Hunting Trophies (Import Prohibition) Bill

Part of the debate – in the House of Commons am 11:20 am ar 22 Mawrth 2024.

Danfonwch hysbysiad imi am ddadleuon fel hyn

Photo of Rebecca Pow Rebecca Pow The Parliamentary Under-Secretary of State for Environment, Food and Rural Affairs 11:20, 22 Mawrth 2024

Many Members on both sides of the House have been eagerly awaiting the passing of this piece of legislation, as have many outside campaigners who have worked tirelessly on the issue and many of our constituents. I have had many emails on the issue in Taunton Deane. I thank John Spellar for introducing the Bill and all those who have taken part in the debate, not least my hon. Friend Henry Smith, who did such a sterling job just one year ago. I think he will agree that we had a lively debate then, and we have had a similarly lively debate today.

I want to list some of the colleagues from both sides of the House who have spoken eloquently. My hon. Friend Tim Loughton made the point well about taking photographs of these wonderful creatures. There were interventions by my right hon. Friends the Members for Chipping Barnet (Theresa Villiers) and for Suffolk Coastal (Dr Coffey) and my hon. Friend Dean Russell, but there have also been moving speeches, in particular from my hon. Friend the Member for Crawley. Of course, many Opposition speakers have joined in as well.

It is clear that the issue of hunting trophies continues to divide opinion. We have witnessed some of that today from my hon. Friends the Members for Christchurch (Sir Christopher Chope) and for North Herefordshire (Sir Bill Wiggin). There is disagreement over the scientific, social, economic, moral and ethical rationales for trophy hunting, and that will no doubt continue for some time. There are those who point to evidence of the potential benefits of well-managed hunting—we heard a great deal about that from my hon. Friend the Member for North Herefordshire. We also heard the other side of the argument, with evidence of the harm caused by poor practice.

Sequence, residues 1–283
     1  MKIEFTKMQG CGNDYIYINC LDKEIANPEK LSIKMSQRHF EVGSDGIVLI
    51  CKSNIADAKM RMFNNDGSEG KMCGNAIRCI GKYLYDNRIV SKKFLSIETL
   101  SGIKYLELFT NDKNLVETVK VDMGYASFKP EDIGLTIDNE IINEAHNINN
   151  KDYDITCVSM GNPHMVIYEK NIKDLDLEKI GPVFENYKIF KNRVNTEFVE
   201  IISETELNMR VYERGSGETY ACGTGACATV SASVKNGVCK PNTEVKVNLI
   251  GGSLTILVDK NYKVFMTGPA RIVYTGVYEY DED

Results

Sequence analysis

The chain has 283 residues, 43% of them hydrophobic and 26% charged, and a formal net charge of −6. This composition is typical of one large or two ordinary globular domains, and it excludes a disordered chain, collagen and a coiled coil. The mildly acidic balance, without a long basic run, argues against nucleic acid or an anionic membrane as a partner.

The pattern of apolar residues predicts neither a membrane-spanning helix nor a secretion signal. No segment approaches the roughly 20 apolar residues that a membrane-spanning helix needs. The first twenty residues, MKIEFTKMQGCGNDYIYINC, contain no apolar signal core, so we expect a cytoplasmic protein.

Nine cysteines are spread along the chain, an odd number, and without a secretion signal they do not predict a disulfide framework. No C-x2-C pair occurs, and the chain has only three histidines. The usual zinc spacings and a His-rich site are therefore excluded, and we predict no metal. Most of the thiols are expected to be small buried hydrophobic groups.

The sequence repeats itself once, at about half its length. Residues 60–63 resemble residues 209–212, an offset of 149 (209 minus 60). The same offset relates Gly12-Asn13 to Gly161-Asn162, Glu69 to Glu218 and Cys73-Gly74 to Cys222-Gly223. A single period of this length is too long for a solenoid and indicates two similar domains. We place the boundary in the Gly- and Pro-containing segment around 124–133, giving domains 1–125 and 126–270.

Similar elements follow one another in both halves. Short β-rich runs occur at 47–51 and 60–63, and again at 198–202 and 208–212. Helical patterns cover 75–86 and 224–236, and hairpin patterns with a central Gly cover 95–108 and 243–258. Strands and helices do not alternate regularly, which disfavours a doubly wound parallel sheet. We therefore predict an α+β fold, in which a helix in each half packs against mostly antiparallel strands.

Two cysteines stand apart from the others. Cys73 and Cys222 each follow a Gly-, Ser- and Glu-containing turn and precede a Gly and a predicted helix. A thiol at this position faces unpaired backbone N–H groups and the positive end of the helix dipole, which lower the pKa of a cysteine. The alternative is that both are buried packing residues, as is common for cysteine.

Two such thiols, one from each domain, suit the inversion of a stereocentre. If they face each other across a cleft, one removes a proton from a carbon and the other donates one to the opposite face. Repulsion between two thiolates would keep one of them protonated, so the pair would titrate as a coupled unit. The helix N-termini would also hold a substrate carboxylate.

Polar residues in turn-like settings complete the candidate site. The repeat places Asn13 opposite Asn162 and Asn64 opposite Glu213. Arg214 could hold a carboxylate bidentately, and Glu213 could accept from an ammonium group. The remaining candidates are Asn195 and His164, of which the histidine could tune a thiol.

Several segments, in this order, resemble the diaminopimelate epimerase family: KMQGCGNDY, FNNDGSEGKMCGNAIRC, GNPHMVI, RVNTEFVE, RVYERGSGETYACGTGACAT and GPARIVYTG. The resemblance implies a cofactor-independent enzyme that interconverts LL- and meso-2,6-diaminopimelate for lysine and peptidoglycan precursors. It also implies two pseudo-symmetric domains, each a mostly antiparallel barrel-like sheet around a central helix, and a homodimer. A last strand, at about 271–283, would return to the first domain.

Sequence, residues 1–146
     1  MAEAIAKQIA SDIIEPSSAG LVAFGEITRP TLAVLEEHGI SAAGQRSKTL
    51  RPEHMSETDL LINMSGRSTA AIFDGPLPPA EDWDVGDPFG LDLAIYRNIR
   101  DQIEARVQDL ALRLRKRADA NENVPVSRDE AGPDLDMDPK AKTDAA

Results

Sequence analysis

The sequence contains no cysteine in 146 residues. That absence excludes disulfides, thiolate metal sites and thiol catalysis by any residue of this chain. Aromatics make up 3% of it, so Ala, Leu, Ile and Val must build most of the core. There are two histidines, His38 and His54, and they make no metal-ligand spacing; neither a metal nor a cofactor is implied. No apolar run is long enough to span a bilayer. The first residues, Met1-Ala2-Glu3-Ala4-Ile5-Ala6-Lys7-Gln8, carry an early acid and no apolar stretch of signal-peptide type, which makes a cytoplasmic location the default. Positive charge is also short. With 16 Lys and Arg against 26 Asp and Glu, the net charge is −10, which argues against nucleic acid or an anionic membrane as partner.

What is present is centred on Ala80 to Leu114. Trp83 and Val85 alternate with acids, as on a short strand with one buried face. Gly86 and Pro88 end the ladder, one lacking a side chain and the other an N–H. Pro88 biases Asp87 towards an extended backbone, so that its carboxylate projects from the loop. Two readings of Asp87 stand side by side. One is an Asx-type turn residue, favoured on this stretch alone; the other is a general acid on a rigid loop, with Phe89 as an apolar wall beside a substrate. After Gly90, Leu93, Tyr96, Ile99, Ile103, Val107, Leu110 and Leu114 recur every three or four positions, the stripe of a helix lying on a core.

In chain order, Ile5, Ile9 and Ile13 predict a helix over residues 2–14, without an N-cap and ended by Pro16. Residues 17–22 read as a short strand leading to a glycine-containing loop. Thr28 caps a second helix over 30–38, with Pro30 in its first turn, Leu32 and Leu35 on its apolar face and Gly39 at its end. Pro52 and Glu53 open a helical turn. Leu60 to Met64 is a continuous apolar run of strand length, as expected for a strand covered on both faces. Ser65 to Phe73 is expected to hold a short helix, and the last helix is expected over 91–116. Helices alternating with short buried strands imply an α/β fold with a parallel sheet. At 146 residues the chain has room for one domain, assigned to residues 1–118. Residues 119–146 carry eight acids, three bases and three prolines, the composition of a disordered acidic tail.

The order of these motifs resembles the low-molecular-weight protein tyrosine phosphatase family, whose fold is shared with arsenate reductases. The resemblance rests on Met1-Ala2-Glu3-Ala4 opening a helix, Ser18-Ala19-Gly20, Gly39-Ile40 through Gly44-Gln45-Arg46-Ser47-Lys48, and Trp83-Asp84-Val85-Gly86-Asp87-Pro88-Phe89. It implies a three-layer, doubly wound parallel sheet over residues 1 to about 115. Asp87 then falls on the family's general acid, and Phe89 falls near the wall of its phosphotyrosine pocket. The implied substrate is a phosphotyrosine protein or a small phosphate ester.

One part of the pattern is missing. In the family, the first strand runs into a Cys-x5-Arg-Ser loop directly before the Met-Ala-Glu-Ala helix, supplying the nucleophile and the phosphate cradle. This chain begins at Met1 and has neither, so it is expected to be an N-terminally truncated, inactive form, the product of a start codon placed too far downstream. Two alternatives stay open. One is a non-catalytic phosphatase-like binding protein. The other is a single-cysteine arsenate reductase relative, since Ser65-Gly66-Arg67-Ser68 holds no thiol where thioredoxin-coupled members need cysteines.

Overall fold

I want to stress something critical: we face the triple planetary crisis of biodiversity loss, climate change and pollution. Those are the greatest threats we face globally and, as the nature Minister, they are in my inbox every day. I am only too aware of all those threats and of how we need to tackle them. About 1 million animal and plant species face extinction. Much of that has occurred very recently—in our lifetime. The abundance, diversity and connectivity of species is declining faster than at any time in human history, and that includes the species targeted for trophy hunting. We all know and love them: elephants, rhinos, lions, leopards and polar bears, to name just a handful.

There are those who argue that banning the import of trophies from those animals will do nothing to improve their conservation status, and I am certainly listening to my hon. Friends on that, but we have to ask ourselves whether importing into Great Britain trophies from endangered animals helps to tackle biodiversity loss. Does this trade really help to secure a sustainable future for species on the brink of extinction? Many animals are under terrible threat anyway because their habitats are shrinking. That is happening for a range of social and economic reasons, but climate change is certainly part of it. Ultimately, the aim of the Bill is to ensure that imports of hunting trophies to Great Britain do not put additional pressure on already threatened species. That is what should concentrate our minds, and that is why I am pleased to confirm that the Government will support the Bill. In doing so, we signal our continued determination to fulfil our manifesto commitment in this regard.

I have heard the argument that a ban will have implications for local communities and conservation efforts globally, which is definitely something we must consider carefully. We must be alive to the unintended consequences. However, the Bill is about imports into Great Britain, as many have said in the debate—my right hon. Friend the Member for Suffolk Coastal reminded us of that. This is about listening to the British public. There is a clear, strong and consistent message that we need to bring to an end the imports of endangered animals taken as hunting trophies. The winds of change are blowing us in that direction, and a number of countries have already put restrictions in place.